Favorite Place: Seduced by Naples

Written By wartini cantika on Senin, 16 Desember 2013 | 17.35

Giulio Piscitelli for The New York Times

A view of the city from the former monastery of San Martino.

It doesn't take long to understand Naples.

Once you make your way through the unruly traffic, honking horns, locals shouting in thick dialect across alleys lined with wet laundry, past racy black lace garters on display in shop windows, shrines to the Madonna with blue neon and plastic flowers set into palazzo walls, churches decorated with carved skulls, women squeezed into their shirts and spike heels, immigrants selling knockoff bags, helmetless teenagers on mopeds racing the wrong way down slippery one-way streets, and everywhere the smells of strong coffee, fried dough, fresh clams and the breeze blowing in from the sea — it is immediately clear that two primal forces drive this magnificent chaos of a city: life and death.

Maybe it's the location, set on that wide bay that looks out on movie-set-perfect Capri and its poorer cousin, Ischia, and the most storied active volcano in the world at the city's shoulders, Vesuvius, inescapable memento mori. Or maybe it's the history of colonization — first by Greeks, then Romans, Normans and after them the Spanish, and later even Italians, and the lingering presence of organized crime. But this is a city that has seen it all, survived most of it, and, if you have the patience to explore it, will win you over and never let you go.

Its spell can be powerful. More than elegant, restrained Florence or show-offy Rome, with its perfect, ruined beauty, and even more than otherworldly Venice, I would argue it is earthy, squalid, slightly menacing Naples that is one of the most romantic cities in the world.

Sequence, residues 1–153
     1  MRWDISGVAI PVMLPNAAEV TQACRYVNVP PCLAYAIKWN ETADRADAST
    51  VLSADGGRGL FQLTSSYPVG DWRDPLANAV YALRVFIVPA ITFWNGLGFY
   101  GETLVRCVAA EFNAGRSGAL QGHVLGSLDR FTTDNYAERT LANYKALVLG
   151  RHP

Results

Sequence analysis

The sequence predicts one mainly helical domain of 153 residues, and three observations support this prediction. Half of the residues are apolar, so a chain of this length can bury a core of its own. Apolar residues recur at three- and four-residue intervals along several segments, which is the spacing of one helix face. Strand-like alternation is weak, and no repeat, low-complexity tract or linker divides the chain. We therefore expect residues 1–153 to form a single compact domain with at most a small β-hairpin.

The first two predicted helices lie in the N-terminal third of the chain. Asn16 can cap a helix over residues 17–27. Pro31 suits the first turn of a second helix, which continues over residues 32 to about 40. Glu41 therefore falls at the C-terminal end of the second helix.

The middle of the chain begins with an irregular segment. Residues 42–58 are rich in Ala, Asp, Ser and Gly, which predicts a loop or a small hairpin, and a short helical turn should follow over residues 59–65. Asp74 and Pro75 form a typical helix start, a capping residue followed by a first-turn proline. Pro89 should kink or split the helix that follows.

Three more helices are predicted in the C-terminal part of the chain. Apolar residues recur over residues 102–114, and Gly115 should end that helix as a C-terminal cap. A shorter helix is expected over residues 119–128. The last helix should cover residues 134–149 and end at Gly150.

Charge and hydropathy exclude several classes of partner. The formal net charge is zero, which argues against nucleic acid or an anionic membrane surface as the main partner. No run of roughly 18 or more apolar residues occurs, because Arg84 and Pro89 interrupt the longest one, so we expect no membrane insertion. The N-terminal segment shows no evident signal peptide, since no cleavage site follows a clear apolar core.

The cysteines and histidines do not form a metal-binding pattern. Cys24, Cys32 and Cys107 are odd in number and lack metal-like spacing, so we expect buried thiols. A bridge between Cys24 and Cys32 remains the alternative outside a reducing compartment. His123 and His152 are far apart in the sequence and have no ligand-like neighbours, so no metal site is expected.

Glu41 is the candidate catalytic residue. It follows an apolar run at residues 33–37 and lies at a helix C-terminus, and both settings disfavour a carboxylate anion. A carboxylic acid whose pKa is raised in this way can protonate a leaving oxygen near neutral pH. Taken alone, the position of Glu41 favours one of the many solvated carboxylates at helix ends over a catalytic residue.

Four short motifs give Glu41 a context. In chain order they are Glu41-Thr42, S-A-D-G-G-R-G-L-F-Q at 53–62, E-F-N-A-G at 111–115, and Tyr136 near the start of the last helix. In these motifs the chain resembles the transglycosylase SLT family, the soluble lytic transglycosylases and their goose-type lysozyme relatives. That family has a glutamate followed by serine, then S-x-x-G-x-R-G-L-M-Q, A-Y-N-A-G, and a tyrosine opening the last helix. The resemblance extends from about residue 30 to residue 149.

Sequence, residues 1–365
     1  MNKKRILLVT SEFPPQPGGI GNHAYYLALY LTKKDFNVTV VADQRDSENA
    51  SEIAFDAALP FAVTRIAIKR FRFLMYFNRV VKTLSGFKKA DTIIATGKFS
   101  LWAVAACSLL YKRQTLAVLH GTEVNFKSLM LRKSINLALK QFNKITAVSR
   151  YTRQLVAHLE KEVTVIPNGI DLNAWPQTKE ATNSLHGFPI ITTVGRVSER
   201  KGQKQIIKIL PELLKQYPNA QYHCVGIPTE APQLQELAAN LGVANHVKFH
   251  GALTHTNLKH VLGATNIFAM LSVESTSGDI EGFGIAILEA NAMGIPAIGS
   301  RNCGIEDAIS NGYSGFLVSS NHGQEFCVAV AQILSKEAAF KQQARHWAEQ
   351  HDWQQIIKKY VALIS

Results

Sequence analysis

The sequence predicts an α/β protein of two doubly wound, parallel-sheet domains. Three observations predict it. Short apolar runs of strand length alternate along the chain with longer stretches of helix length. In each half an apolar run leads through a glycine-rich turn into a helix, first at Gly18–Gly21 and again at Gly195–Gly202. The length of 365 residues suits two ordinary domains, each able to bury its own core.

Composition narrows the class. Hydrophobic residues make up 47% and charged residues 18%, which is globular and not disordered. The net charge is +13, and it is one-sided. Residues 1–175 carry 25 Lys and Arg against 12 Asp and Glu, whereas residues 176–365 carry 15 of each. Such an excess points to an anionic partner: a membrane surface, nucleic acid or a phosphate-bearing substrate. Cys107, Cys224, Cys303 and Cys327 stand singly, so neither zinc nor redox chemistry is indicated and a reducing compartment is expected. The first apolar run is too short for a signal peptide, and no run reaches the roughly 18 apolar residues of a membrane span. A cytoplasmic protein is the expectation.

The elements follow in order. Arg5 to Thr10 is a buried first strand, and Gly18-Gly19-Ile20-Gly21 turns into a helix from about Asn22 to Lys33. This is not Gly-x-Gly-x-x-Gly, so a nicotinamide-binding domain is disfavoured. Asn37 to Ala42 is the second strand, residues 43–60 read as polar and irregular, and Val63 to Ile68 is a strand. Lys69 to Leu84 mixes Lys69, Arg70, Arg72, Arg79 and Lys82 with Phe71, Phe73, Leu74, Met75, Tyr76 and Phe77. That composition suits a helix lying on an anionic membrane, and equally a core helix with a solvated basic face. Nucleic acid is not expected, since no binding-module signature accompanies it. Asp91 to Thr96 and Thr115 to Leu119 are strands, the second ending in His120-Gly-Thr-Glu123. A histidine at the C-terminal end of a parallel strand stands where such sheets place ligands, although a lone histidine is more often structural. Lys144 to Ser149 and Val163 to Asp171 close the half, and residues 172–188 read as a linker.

I FIRST SAW NAPLES years ago, when I was working as a babysitter in Rome. It was winter. The city's famous Christmas market was in full swing, as it is now. I was traveling with a group of scholars and archaeologists. They took us to every church in town, one blurring into the next, and I don't remember much, besides being warned to hold on to my bag. (Always good advice. In Naples, street crime is fast and real.) Still living in Rome, I returned the following summer and stayed in the leafy middle-class neighborhood of Vomero, once a stopping point for Grand Tourists. "See Naples and Die" was the motto in that era, although Henry James's Daisy Miller didn't make it past Rome. In the hotel room, one window had a sweeping view onto the bay below, with the ships gliding in the harbor under a summer sun, and the other opened onto the towering hillside above. Captivated by the city's enticing mix of looming enclosure and open possibility, I vowed to return to Naples again and again. And so I have.

In the years I lived in Rome, whenever I wanted to escape that swampy city, with its oppressive world-weariness, its perennial ability to seduce but never to surprise, I headed for Naples — and still do — a surefire adrenaline rush, a slap in the face, a semifailed state only an hour south by train.

Sometimes I start at the Café Mexico in Piazza Dante, for a perfect espresso or a "caffè shekerato," a mix of coffee, ice and sugar shaken into a thick cream and filled with so much caffeine and sugar that it makes the back of your head throb. I calm my nerves by browsing in the secondhand bookstores that line the passageway leading to Piazza Bellini, named for the master of Neapolitan Romantic music, into the ancient heart of the city, "Spaccanapoli," from the Italian word "spaccare," to split. It takes its name from what is now Via dei Tribunali, slicing down the middle of the old city first settled by the Greeks.

The area is now a warren of dingy, narrow streets, churches, pizzerias and shops selling Naples's famous Christmas crèche figurines. There are countless Holy Families, but also little clay workers at their trades — the battery-operated baker forever putting his tiny loaves into the oven, the fishmonger with little silver fish — as well as statuettes of football stars and politicians, sometimes engulfed in the red flames of hell.

Rachel Donadio is a culture correspondent for The New York Times, based in Paris. From 2008 until August she was Rome bureau chief.

This article has been revised to reflect the following correction:

Correction: December 14, 2013

An earlier version of this article misstated the time period that the Bay of Naples first caught the attention of the Greeks; it was the first millennium B.C., not the first century B.C. It also misstated part of the name of the church that houses Caravaggio's "Seven Acts of Mercy"; it is Pio Monte delle Misericordie, not San Pio delle Misericordie. And it gave an incorrect description of the composer Bellini, after whom Piazza Bellini was named; he was a composer of Romantic music, not Baroque music.


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